Federalist 6

Summary

In Federalist 6, Alexander Hamilton discusses the dangers that arise from disputes between the states. Hamilton addresses the Anti-Federalists protests that a strong, centralized nation was not needed and the Constitutional Convention was overreacting to the events that were occurring in the nation by using historical examples from a variety of nations. He refutes the idea that because the United States was a commercial republic the States would not fight with each other by using the example of the many wars Athens, Rome, Sparta and Carthage got into. Hamilton also firmly believes that because humans are inherently ambitious and desire to achieve power that whether it be a monarchy or a republic, nations are bound to be led to disastrous situations by the private motivations of influential people.

Original Text

Translation

Concerning Dangers from Dissensions Between the States

Independent Journal
Wednesday, November 14, 1787
Alexander Hamilton

To the People of the State of New York:

THE three last numbers of this paper have been dedicated to an enumeration of the dangers to which we should be exposed, in a state of disunion, from the arms and arts of foreign nations. I shall now proceed to delineate dangers of a different and, perhaps, still more alarming kind — those which will in all probability flow from dissensionsDissension (noun)
disagreement that leads to discord.
between the States themselves, and from domestic factions and convulsions.Convulsion (noun)
a violent social or political upheaval.
These have been already in some instances slightly anticipated; but they deserve a more particular and more full investigation.
The previous Federalist papers have focused on the dangers from armies of foreign nations. This paper will focus on dangers from disagreements between the States and from internal disputes, which can even be more alarming than disputes with foreign nations. These internal threats between the States deserve greater attention.
A man must be far gone in UtopianUtopia (noun)
An ideally perfect place, especially in its social, political, and moral aspects.
speculations who can seriously doubt that, if these States should either be wholly disunited, or only united in partial confederacies, the subdivisions into which they might be thrown would have frequent and violent contests with each other. To presume a want of motives for such contests as an argument against their existence, would be to forget that men are ambitious, vindictive,Vindictive (adjective) having or showing a strong or unreasoning desire for revenge. and rapacious.Rapacious (adjective)
aggressively greedy or grasping.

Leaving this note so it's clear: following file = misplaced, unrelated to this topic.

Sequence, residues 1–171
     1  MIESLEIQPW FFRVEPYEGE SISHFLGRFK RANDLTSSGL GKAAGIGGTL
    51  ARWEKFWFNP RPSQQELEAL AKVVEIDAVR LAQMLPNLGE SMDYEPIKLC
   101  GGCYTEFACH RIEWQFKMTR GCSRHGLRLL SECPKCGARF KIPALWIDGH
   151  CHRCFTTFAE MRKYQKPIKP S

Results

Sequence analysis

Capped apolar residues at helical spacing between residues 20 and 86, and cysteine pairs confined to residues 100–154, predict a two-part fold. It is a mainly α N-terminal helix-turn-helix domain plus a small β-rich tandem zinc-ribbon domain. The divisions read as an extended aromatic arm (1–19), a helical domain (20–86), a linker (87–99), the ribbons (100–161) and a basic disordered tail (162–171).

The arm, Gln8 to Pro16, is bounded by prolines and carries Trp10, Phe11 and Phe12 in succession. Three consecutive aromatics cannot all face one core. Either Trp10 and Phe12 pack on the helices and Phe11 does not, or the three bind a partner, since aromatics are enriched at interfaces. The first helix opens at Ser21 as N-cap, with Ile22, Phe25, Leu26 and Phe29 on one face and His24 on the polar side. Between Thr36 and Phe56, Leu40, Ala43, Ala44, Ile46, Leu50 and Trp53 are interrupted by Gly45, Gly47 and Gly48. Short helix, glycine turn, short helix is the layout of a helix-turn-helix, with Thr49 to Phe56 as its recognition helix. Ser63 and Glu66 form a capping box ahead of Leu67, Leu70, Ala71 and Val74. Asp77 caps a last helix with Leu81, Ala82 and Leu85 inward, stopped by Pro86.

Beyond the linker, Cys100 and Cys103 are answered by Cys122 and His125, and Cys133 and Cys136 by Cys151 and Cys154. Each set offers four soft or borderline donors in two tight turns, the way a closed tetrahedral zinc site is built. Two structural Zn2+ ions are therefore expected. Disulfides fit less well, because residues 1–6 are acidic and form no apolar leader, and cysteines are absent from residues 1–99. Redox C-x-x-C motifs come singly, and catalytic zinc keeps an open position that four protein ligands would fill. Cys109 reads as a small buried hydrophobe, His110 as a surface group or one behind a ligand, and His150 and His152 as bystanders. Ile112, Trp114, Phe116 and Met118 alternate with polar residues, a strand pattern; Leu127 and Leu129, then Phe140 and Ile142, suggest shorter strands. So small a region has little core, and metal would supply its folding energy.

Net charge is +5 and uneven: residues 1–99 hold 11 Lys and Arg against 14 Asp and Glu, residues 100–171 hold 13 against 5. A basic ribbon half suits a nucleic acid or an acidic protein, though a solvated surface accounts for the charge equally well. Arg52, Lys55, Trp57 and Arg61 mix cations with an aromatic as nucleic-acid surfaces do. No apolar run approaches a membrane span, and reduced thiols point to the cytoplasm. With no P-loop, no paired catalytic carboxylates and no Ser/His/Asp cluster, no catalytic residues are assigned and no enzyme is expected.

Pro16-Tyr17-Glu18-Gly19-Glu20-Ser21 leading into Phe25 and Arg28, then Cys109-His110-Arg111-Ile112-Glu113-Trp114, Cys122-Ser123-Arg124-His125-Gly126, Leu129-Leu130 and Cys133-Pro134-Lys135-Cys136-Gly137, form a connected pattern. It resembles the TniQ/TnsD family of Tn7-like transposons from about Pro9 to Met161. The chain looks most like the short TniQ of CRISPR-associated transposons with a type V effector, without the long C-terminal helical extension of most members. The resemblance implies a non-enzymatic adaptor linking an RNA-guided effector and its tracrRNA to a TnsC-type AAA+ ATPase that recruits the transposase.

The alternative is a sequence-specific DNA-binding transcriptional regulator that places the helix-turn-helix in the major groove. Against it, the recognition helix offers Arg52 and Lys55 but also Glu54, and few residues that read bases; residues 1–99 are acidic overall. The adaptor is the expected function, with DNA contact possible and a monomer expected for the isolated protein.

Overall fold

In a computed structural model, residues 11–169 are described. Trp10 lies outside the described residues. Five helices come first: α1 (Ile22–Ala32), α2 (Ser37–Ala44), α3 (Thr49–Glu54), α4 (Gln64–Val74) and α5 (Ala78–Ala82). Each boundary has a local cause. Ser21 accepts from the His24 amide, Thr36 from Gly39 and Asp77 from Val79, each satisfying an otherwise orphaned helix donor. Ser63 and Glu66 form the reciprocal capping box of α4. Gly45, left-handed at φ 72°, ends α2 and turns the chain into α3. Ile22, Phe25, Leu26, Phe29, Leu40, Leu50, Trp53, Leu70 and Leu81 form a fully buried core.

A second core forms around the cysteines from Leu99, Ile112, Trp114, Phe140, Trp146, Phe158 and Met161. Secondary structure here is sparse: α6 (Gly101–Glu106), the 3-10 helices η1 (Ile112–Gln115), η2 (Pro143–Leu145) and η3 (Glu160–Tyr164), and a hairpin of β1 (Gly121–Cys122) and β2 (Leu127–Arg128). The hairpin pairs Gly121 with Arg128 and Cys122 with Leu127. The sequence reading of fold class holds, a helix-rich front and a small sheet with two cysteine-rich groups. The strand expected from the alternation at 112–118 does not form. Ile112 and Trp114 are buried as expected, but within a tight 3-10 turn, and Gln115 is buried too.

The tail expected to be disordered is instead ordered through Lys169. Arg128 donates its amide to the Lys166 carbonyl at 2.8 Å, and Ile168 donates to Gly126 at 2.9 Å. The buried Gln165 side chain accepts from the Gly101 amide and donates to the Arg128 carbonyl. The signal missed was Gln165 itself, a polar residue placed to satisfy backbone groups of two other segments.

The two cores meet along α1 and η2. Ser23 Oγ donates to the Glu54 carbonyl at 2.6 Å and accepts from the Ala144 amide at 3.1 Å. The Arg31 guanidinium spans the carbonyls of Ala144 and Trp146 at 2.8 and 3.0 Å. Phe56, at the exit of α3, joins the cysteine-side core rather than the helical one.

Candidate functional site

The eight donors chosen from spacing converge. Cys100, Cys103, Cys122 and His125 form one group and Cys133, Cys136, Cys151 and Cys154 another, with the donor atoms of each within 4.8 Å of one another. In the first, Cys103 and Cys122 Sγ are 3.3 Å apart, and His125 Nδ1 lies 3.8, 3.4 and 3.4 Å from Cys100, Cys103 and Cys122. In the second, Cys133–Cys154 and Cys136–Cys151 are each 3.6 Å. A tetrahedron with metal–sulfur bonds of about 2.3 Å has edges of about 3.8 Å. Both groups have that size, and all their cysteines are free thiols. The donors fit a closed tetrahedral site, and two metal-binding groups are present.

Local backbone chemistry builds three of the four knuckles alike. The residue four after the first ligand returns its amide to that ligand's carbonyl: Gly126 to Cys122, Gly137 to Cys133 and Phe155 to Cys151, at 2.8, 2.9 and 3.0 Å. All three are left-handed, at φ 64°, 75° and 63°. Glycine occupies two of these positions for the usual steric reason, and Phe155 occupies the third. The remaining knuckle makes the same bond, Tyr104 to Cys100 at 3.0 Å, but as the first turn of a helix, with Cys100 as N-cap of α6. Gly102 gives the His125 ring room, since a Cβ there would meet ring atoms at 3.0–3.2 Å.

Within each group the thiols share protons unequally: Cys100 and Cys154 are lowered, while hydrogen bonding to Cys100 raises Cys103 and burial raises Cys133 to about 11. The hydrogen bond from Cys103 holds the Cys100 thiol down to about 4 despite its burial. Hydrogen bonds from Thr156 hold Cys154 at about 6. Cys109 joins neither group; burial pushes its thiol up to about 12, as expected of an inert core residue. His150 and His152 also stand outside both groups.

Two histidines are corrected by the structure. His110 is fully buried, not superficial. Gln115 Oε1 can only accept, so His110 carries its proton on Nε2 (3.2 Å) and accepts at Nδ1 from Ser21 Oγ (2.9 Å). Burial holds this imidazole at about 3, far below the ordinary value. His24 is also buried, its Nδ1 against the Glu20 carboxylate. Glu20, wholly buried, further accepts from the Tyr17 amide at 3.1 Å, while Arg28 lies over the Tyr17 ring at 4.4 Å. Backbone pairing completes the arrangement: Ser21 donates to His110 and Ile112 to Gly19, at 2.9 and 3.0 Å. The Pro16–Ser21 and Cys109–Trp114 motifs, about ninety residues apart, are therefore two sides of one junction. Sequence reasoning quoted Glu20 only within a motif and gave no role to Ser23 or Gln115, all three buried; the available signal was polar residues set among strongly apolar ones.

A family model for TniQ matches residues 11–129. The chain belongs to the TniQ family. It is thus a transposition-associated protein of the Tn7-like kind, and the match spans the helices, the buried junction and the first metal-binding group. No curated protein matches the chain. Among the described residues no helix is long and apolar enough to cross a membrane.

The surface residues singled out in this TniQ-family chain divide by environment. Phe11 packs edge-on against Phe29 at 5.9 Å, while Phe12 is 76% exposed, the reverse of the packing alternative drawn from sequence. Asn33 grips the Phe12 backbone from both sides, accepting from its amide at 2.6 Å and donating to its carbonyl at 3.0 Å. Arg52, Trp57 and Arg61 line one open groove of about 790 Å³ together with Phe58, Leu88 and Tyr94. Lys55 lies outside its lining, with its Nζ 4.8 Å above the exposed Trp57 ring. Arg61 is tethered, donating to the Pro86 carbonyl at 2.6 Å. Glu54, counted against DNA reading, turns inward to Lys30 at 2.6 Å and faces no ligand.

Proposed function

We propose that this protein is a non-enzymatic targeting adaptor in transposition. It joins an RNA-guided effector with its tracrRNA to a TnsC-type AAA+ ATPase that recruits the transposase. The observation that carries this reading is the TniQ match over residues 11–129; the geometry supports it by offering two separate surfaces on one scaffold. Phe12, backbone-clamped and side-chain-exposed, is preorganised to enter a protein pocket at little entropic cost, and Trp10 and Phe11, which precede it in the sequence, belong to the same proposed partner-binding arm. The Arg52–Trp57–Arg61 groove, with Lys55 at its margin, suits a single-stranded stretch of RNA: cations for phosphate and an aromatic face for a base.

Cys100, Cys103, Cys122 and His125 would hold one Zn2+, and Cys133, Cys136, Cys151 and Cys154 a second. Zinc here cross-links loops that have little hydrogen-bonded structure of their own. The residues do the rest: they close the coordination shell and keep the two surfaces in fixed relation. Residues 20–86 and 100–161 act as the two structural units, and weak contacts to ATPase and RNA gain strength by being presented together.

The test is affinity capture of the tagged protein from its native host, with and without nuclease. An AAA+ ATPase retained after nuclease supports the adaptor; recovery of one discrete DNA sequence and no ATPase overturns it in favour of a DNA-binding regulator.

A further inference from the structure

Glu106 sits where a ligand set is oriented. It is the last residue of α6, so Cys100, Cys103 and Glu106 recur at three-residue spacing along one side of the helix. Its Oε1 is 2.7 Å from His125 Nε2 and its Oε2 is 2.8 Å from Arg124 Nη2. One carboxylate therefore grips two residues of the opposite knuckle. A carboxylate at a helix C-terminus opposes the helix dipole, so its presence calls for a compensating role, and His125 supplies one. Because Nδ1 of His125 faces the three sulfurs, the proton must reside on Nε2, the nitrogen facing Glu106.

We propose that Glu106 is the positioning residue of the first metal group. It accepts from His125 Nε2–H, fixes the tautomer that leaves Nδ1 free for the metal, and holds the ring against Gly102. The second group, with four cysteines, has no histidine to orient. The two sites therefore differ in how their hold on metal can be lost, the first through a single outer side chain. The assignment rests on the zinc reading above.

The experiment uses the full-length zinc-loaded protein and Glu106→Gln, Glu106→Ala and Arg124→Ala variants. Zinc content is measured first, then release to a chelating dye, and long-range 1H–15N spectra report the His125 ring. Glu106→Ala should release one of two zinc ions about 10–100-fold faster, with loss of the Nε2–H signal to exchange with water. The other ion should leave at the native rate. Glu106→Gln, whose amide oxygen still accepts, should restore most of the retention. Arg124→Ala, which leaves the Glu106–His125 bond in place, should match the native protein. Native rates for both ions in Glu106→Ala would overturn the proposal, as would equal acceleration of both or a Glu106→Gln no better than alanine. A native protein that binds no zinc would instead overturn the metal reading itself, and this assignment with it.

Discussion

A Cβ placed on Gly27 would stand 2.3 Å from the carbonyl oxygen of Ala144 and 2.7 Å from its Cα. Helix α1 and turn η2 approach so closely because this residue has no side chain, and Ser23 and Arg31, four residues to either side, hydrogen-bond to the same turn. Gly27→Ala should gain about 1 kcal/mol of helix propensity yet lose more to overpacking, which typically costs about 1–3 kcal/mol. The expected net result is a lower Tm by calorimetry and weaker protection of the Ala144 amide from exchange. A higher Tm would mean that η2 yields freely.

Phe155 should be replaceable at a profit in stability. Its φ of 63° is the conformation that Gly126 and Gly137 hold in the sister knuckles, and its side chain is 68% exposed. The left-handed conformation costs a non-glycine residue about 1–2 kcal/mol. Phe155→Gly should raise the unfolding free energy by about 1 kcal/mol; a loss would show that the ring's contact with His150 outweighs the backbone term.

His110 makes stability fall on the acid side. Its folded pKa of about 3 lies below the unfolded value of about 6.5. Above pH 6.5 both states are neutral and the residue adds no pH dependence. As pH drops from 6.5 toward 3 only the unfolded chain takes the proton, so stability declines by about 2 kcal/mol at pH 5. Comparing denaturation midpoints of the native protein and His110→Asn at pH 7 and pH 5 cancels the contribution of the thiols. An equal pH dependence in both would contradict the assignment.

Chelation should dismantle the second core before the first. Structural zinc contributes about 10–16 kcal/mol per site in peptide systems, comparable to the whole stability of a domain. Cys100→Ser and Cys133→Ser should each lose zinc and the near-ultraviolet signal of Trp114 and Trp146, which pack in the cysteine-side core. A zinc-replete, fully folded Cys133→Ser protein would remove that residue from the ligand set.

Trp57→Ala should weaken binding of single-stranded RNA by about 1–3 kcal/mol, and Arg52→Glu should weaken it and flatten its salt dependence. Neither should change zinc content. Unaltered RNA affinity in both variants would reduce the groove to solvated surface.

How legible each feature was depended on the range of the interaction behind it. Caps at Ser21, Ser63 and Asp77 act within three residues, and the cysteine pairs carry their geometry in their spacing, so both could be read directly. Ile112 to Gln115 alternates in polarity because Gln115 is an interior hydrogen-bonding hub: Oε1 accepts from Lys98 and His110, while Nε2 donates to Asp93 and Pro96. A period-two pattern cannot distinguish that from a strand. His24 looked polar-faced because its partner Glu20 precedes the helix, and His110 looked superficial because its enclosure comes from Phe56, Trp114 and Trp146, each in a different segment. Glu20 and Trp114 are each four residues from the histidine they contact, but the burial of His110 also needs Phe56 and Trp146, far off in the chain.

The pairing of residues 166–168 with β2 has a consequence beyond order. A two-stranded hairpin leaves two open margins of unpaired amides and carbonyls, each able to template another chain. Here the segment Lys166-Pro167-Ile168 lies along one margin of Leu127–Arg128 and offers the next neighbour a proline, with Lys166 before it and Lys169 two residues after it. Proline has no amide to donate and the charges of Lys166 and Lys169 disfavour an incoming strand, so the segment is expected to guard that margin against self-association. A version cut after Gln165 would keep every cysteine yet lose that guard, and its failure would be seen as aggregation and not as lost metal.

To look for a continuation of harmony between a number of independent, unconnected sovereignties in the same neighborhood, would be to disregard the uniform course of human events, and to set at defiance the accumulated experience of ages.
Anyone who thinks that the states can remain in peace when they are not part of a united confederation is naïve. Men are inherently “ambitious, vindictive, and rapacious.”Men will always try to improve their circumstances. We have only to look to history to see that neighboring nations constantly fight.
The causes of hostility among nations are innumerable. There are some which have a general and almost constant operation upon the collective bodies of society. Of this description are the love of power or the desire of pre-eminence and dominionDominion (noun)
sovereignty; control.
— the jealousy of power, or the desire of equality and safety. There are others which have a more circumscribedCircumscribe (verb)
restrict (something) within limits.
though an equally operative influence within their spheres. Such are the rivalships and competitions of commerce between commercial nations. And there are others, not less numerous than either of the former, which take their origin entirely in private passions; in the attachments, enmitiesEnmity (noun)
the state or feeling of being actively opposed or hostile to someone or something.
, interests, hopes, and fears of leading individuals in the communities of which they are members. Men of this class, whether the favorites of a king or of a people, have in too many instances abused the confidence they possessed; and assuming the pretext of some public motive, have not scrupledScruple (verb)
hesitate or be reluctant to do something that one thinks may be wrong.
to sacrifice the national tranquillity to personal advantage or personal gratification.
There are numerous causes of conflict between nations such as love of power, desire for dominance, equality, and safety. Others causes are rivalries, and the competition of commerce and trade between commercial nations. Yet other sources of conflict come from attachments, enmities, interests, hopes and fears of the leaders in the community. These leaders have taken advantage of the trust they were given by the people and pretend they have some public motive for their selfish actions.
The celebrated Pericles,Pericles was an influential statesman for Athens during the Peloponnesian war. in compliance with the resentment of a prostitute, at the expense of much of the blood and treasure of his countrymen, attacked, vanquished, and destroyed the city of the Samnians. The same man, stimulated by private pique against the Megarensians, another nation of Greece, or to avoid a prosecution with which he was threatened as an accomplice of a supposed theft of the statuary Phidias, or to get rid of the accusations prepared to be brought against him for dissipating the funds of the state in the purchase of popularity, or from a combination of all these causes, was the primitive author of that famous and fatal war, distinguished in the Grecian annals by the name of the Peloponnesian War; which, after various vicissitudesVicissitude (noun) a change of circumstances or fortune, typically one that is unwelcome or unpleasant., intermissions, and renewals, terminated in the ruin of the Athenian commonwealth. Here Hamilton uses Pericles in order to show how men's private interests and actions can influence the decisions they make for the country, often to its detriment. Hamilton is referencing several instances in which Pericles brought harm to a nation for his own desires. Pericles brought ruin upon his own countrymen by destroying the city of the Samnians, because of Aspasia's (Pericles' companion) personal motives. The Peloponnesian War is yet another example in which Pericles' actions harmed his countrymen for his own advantage. Pericles had forced Athens into the Peloponnesian War in order to divert attention from his misuse of funds, to avoid prosecution in which he was accused of being an accomplice to the theft of the statue of Phidias, or from a combination of these causes. The war caused the ruin of the Athenian commonwealth.